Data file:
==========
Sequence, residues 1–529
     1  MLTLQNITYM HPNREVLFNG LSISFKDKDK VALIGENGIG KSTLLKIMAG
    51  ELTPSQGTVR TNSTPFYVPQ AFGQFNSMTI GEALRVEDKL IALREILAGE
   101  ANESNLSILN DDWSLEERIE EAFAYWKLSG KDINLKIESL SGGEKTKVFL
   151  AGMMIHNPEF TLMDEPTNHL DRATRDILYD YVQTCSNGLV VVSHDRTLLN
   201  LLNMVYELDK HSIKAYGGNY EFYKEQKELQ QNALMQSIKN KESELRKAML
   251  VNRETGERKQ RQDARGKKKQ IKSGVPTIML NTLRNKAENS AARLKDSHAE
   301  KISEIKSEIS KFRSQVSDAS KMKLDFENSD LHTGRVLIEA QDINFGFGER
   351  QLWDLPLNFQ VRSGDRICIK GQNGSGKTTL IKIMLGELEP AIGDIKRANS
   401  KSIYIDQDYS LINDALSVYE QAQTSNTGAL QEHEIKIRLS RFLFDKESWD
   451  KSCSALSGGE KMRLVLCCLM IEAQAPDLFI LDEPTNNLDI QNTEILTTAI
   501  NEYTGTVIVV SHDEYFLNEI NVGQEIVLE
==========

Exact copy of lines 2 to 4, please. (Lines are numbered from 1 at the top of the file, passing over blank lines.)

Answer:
     1  MLTLQNITYM HPNREVLFNG LSISFKDKDK VALIGENGIG KSTLLKIMAG
    51  ELTPSQGTVR TNSTPFYVPQ AFGQFNSMTI GEALRVEDKL IALREILAGE
   101  ANESNLSILN DDWSLEERIE EAFAYWKLSG KDINLKIESL SGGEKTKVFL